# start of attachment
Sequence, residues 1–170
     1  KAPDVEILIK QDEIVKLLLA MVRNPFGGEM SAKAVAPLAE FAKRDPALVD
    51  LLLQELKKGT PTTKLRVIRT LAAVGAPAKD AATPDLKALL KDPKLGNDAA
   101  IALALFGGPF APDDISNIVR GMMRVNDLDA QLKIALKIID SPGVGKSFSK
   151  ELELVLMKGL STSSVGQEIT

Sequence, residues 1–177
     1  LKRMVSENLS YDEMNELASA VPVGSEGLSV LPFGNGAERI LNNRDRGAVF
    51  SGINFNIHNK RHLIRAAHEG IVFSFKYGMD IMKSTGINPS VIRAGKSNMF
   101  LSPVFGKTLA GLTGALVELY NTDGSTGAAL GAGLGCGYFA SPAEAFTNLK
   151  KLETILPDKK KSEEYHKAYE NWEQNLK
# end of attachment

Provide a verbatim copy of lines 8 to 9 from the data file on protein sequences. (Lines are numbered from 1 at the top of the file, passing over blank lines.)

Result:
    51  SGINFNIHNK RHLIRAAHEG IVFSFKYGMD IMKSTGINPS VIRAGKSNMF
   101  LSPVFGKTLA GLTGALVELY NTDGSTGAAL GAGLGCGYFA SPAEAFTNLK